Causes of frozen shoulder

Frozen shoulder occurs when the sleeve that surrounds the shoulder joint, known as the capsule, becomes swollen and thickened. It's unclear why this happens.

The shoulder is a ball and socket joint. The end of your upper arm bone (humerus) sits in contact with the socket of your shoulder blade (scapula).

The shoulder capsule is fully stretched when you raise your arm above your head, and hangs down as a small pouch when your arm is lowered.

In frozen shoulder, bands of scar tissue form inside the shoulder capsule, causing it to thicken, swell and tighten. This means there's less space for your upper arm bone in the joint, which limits movements.

Who's most at risk?

It'snot fully understood why frozen shoulder occurs, and it'snotalways possible to identify a cause. However,a number offactors canincrease your risk of developing it. These are outlined below.

Age and gender

Most people affected by frozen shoulderare aged between 40 and 60. The condition is more common in women than men.

Previous shoulder injury or surgery

Frozen shoulder can sometimes develop aftera shoulder or arm injury, such as afracture, or after having surgery to your shoulder area.

This may partlybe a result ofkeeping your arm and shoulder still for long periods of time during your recovery. Your shoulder capsule maytighten upfromlack of use.

Because of this, it's very important not to ignore a painful shoulder injury and to always seek medical advice.


If you have diabetes , you have a greater risk ofdeveloping a frozen shoulder. The exact reason for this is unknown.

It's estimated that people with diabetes are twice as likely to develop a frozen shoulder.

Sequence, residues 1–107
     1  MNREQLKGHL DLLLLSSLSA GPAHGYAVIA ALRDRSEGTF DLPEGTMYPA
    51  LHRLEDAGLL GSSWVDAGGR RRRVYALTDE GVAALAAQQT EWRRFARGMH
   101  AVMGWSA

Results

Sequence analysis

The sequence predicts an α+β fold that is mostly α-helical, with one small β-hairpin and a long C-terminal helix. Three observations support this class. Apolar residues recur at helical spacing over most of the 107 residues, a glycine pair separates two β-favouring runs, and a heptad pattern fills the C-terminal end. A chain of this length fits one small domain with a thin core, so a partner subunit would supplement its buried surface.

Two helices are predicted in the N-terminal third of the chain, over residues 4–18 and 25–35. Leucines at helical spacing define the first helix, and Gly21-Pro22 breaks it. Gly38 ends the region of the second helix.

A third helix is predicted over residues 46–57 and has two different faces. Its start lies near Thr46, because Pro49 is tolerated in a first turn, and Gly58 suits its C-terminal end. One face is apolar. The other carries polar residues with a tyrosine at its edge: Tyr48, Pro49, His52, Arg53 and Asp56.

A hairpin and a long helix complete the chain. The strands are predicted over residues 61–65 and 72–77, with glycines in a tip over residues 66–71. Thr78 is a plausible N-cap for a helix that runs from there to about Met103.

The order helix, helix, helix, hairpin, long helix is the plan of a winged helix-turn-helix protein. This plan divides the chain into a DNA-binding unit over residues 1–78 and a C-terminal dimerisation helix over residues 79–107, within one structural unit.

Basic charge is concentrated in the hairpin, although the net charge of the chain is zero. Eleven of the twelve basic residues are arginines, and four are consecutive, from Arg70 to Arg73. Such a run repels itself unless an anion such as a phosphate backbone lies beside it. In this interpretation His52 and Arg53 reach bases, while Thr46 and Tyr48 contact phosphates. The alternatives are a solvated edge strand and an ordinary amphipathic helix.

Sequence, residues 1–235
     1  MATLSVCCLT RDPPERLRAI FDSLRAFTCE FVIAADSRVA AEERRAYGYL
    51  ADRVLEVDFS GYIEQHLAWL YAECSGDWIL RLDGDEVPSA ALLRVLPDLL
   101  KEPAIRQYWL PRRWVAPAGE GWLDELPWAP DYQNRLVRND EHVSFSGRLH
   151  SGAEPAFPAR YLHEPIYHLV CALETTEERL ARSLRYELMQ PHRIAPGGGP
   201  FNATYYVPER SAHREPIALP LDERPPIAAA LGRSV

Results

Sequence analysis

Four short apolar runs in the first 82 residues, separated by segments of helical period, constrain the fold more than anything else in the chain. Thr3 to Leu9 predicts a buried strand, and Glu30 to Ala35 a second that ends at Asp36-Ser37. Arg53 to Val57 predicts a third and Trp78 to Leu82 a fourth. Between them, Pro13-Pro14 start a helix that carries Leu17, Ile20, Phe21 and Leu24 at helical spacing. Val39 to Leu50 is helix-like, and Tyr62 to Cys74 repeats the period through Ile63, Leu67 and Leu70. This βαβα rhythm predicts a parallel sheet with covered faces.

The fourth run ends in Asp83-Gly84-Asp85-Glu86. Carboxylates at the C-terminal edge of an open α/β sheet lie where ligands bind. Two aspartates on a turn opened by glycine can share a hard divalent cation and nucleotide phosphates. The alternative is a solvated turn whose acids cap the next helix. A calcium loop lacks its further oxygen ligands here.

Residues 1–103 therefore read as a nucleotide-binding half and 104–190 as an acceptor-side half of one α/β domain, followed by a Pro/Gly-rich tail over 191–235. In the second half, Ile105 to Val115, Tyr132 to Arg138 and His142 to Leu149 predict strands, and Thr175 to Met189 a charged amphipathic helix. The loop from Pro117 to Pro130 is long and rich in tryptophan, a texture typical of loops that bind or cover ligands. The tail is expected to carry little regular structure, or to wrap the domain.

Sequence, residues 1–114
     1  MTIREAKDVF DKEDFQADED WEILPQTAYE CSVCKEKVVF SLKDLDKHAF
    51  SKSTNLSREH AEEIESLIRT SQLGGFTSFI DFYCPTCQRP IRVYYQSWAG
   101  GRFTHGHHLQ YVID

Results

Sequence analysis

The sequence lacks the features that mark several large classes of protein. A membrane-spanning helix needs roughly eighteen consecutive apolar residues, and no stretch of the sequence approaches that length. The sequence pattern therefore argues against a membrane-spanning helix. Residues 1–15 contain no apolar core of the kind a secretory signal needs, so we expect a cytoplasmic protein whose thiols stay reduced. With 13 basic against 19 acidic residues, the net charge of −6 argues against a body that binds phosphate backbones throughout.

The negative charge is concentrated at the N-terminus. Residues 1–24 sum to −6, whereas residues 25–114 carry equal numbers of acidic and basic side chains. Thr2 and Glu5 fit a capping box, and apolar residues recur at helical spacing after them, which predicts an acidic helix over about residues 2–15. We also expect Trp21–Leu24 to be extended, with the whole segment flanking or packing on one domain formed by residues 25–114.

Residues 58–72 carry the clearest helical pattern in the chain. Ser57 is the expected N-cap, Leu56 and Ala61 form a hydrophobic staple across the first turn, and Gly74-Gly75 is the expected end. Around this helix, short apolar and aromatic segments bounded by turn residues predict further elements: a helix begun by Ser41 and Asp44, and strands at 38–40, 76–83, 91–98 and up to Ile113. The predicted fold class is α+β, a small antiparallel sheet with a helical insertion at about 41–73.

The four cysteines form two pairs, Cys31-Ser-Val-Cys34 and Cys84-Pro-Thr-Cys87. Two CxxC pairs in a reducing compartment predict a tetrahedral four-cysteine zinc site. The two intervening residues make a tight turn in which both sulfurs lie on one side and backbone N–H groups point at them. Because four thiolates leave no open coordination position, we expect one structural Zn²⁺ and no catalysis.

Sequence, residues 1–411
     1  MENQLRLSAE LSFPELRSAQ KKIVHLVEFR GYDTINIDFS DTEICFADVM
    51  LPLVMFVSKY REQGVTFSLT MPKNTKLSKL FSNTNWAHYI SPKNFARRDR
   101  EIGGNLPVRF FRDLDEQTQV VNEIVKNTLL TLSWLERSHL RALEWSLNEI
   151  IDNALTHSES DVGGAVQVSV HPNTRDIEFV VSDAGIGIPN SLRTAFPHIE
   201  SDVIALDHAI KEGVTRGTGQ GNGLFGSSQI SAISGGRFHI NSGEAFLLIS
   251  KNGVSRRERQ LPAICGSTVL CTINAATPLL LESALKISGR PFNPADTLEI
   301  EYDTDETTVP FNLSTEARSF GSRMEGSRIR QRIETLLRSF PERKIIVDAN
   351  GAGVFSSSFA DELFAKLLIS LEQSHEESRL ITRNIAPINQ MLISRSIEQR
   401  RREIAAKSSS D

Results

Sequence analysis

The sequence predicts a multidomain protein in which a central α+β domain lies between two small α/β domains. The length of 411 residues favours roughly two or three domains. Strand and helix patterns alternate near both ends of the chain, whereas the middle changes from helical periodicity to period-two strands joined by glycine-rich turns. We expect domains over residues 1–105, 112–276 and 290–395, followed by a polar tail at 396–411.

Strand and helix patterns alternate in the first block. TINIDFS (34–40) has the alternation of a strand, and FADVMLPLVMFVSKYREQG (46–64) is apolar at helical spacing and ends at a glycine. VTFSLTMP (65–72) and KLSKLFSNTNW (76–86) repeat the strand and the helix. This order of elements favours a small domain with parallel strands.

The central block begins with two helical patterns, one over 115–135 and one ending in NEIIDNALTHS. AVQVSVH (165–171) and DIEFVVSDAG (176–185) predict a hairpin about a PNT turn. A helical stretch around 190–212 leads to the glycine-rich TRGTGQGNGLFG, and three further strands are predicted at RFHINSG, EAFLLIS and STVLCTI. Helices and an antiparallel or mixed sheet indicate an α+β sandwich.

If you have diabetes,the symptoms of frozen shoulder are likely to be more severe and harder to treat. You're alsomore likely to develop the condition in both shoulders.

This means it's important to have your diabetes checked regularly to make sure it's controlled with the right medication.

Other health conditions

You may have a greater risk of developing a frozen shoulder if youhave other health conditions, such as:

  • Congenital heart
  • stroke
  • lung disease
  • an overactive thyroid ( hyperthyroidism ) or an underactive thyroid ( hypothyroidism )
  • breast cancer
  • Dupuytren's contracture where small lumps of thickened tissue form inthehand, causing the fingers to bend into the palm

Other shoulder conditions

Frozen shoulder can sometimes develop alongside other shoulder conditions, such as:

  • calcific tendonitis where small amounts of calcium are deposited in thetendons of the shoulder
  • rotator cuff tear the rotator cuff isa group of muscles that control shoulder movements


Not moving for long periods of timecan also increaseyour risk of a frozen shoulder. This can sometimes happen if you spend time in hospital.

Content supplied by the NHS Website

Medically Reviewed by a doctor on 28 Nov 2016